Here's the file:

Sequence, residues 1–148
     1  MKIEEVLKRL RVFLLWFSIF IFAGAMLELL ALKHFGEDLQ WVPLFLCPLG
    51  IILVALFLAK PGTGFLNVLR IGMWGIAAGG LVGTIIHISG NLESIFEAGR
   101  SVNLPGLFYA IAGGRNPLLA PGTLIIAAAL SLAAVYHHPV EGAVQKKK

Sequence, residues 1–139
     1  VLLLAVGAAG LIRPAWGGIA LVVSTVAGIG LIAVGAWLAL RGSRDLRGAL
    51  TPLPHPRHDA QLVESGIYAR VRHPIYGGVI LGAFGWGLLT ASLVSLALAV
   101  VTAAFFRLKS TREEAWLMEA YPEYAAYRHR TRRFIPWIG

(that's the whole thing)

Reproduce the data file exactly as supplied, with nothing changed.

Sequence, residues 1–148
     1  MKIEEVLKRL RVFLLWFSIF IFAGAMLELL ALKHFGEDLQ WVPLFLCPLG
    51  IILVALFLAK PGTGFLNVLR IGMWGIAAGG LVGTIIHISG NLESIFEAGR
   101  SVNLPGLFYA IAGGRNPLLA PGTLIIAAAL SLAAVYHHPV EGAVQKKK

Sequence, residues 1–139
     1  VLLLAVGAAG LIRPAWGGIA LVVSTVAGIG LIAVGAWLAL RGSRDLRGAL
    51  TPLPHPRHDA QLVESGIYAR VRHPIYGGVI LGAFGWGLLT ASLVSLALAV
   101  VTAAFFRLKS TREEAWLMEA YPEYAAYRHR TRRFIPWIG